315         175

Table 2. The details of sample (N=175)

                       Group                       N   %

                              20-25                20  11.4
Age                           26-30                64  36.6
                              31-35                50  28.6
                              36-40                41  23.4
Education level               Associate's degree   58  33.1
                              Bachelor's degree   107  61.1
                              Master's degree      10   5.8
Job experience                <= 5 year            28  16.0
                              5-10 year            94  53.7
                              >=11 year            53  30.3
Management experience         <=5 year             26  56.5
                              >5 year              20  43.5

Table 3. One sample t-test about teachers' perception of
leadershipbehavior of their principals (N=129)

Variables         Mean     Std.D  T-     t-test  df   Sig.
                                  Value  14.36

Model the way      23.93   4.68                       0.001
Inspire a shared   23.83   4.85          13.63        0.001
vision                            18             128
Challenge the      23.33   5.27          11.47        0.001
process
Enable others to   22.84   5.23          10.49        0.001
act
Encourage the      23.95   5.07          13.31        0.001
heart
Total             117.88  24.08   90     47.09        0.001

Table 4. One sample t-test about the principals' perception of
their own leadership behaviors (N=46)

Variables         Mean    Std.D  T-     t-test  df  Sig.
                                 Value

Model the way      26.23   7.83          7.13       0.001
Inspire a shared   25.50   3.01  18     16.86   45  0.001
vision
Challenge the      24.95   2.94         16.02       0.001
process
Enable others to   24.43   2.92         14.68       0.001
act
Encourage the      25.84   2.45         21.65       0.001
heart
Total             126.84  19.15  90     76.34       0.001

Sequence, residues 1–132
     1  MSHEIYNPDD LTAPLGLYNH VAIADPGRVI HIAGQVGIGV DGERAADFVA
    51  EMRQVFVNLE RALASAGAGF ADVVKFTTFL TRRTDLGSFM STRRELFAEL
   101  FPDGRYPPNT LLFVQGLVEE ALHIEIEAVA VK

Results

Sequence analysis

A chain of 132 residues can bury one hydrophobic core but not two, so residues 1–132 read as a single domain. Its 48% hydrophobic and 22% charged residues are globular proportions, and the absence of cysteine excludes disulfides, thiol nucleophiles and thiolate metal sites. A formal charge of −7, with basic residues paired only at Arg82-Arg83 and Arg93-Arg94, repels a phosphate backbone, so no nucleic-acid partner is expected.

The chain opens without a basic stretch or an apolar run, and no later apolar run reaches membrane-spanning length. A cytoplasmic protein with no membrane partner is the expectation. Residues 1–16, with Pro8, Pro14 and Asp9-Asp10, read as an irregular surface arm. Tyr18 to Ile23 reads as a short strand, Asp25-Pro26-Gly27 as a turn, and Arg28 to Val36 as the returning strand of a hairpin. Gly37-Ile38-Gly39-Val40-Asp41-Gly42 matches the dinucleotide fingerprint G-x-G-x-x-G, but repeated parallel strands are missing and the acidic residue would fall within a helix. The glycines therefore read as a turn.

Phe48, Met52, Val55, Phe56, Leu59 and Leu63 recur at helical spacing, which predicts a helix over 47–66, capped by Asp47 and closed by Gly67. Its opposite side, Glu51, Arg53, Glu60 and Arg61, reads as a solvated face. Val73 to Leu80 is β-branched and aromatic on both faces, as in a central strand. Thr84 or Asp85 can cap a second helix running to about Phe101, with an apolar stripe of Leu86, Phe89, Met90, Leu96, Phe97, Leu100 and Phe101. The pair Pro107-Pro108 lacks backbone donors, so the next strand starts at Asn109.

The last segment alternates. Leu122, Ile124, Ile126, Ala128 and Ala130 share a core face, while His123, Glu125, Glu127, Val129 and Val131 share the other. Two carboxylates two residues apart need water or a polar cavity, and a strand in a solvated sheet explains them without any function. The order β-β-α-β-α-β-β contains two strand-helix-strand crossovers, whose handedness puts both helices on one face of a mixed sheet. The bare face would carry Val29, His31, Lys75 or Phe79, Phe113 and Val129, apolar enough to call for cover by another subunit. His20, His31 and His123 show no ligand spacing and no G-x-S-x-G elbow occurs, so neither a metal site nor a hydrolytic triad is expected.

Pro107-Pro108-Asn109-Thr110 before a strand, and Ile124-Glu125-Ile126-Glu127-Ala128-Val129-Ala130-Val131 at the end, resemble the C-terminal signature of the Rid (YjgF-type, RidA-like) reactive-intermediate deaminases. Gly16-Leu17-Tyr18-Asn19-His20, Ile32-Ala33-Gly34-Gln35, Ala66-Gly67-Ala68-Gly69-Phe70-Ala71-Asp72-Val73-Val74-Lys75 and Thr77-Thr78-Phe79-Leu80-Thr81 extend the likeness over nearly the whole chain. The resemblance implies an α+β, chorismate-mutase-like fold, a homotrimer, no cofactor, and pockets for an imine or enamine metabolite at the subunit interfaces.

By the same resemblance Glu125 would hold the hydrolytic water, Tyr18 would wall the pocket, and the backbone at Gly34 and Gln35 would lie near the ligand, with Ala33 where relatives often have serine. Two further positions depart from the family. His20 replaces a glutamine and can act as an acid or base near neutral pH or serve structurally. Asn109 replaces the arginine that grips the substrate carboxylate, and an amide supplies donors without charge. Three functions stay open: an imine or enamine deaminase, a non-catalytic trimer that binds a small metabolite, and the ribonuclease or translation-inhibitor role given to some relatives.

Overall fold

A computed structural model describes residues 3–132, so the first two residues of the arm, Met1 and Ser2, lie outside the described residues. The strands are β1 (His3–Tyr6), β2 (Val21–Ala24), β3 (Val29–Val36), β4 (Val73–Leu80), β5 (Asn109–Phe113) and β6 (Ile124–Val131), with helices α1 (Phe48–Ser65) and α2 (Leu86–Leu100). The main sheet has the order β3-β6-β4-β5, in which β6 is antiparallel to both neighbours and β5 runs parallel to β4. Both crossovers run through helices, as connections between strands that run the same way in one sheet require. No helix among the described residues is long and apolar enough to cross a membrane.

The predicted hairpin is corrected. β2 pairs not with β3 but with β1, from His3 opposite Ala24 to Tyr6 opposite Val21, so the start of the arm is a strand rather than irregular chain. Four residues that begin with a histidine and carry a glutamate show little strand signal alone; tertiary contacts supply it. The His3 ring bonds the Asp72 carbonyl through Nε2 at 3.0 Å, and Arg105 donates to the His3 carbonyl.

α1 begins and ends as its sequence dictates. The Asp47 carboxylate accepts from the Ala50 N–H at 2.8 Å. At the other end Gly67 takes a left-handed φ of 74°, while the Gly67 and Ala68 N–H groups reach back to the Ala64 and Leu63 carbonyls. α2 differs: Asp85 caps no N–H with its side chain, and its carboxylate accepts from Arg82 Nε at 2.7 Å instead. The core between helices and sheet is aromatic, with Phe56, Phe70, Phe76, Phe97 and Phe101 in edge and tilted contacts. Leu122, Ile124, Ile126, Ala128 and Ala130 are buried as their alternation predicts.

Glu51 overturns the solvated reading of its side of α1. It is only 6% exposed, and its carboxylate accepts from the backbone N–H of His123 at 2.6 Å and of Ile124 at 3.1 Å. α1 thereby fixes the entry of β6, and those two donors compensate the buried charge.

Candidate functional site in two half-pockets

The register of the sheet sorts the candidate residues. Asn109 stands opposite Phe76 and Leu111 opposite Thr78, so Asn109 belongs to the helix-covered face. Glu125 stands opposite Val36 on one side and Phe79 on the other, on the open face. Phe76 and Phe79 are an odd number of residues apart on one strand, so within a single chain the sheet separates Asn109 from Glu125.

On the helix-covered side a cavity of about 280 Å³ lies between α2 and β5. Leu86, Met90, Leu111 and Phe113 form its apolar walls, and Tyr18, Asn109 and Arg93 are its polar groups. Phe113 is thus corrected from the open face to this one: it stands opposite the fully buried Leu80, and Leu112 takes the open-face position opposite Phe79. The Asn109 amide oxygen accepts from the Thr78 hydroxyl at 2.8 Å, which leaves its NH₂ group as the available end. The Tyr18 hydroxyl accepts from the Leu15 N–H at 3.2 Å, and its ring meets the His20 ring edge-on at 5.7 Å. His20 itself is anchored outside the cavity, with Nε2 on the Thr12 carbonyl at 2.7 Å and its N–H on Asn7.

Table 5. Independent t-test about difference between leadership
behaviors reported by principals themselves and those observed
by teachers (N=175)

Variables      G.  N   Mean     Std.D     t-    df  Sig.
                                          test

Model the      T.  12  23.9302  4.68739   -          .01
way                 9                     2.36      9
               P.  46  26.2391  7.83208   9
Inspire a      T.  12  23.8295  4.85754   -          .030
shared vision       9                     2.18  17
               P.  46  25.5000  3.01662   5      3
Challenge the  T.  12  23.3333  5.27721   -          .050
process             9                     1.97
               P.  46  24.9565  2.94359   7
Enable others  T.  12  22.8372  5.23628   -          .06
to act              9                     1.82      9
               P.  46  24.3261  2.92160   7
Encourage the  T.  12  23.9535  5.07731   -          .01
heart               9                     2.42      6
               P.  46  25.8478  2.45825   8
Total          T.  12  117.883  24.08891  -          .01
                    9    7                3.03      8
               P.  46  126.869  14.0263   3
                         6       4

Table 6. Correlation coefficient test on relationship between
leadership behaviors and management experience of principals
from the perspective of teachers (N=129)

                              Model the  Inspire a  Challenge
               N     r        way        shared      the
                                         vision     process

            T  129   P. Chi-   .118b      .842b      .978b
Management     df=3  Sq
experience           Sig.      .990       .839       .807
            P  46    P. Chi-  1.649c     2.919c     1.344c
               df=2  Sq
                     Sig.      .438       .232       .511

            Enable others  Encourage the  Total
            to act         heart

            5.475b         1.411b          .740b
Management
experience   .140           .703           .864
            1.431c         1.183c         1.048c

             .489           .277           .306

P=Principals T=Teachers
b. 2 cells (25.0%) have expected count less than 5.
The minimum expected count is .85.
c. 2 cells (33.3%) have expected count less than 5.
The minimum expected count is .48.
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Title Annotation:ORIGINAL
Author:Mehdinezhad, Vali; Sardarzahi, Zaid
Publication:NAER - Journal of New Approaches in Educational Research
Date:Jan 1, 2016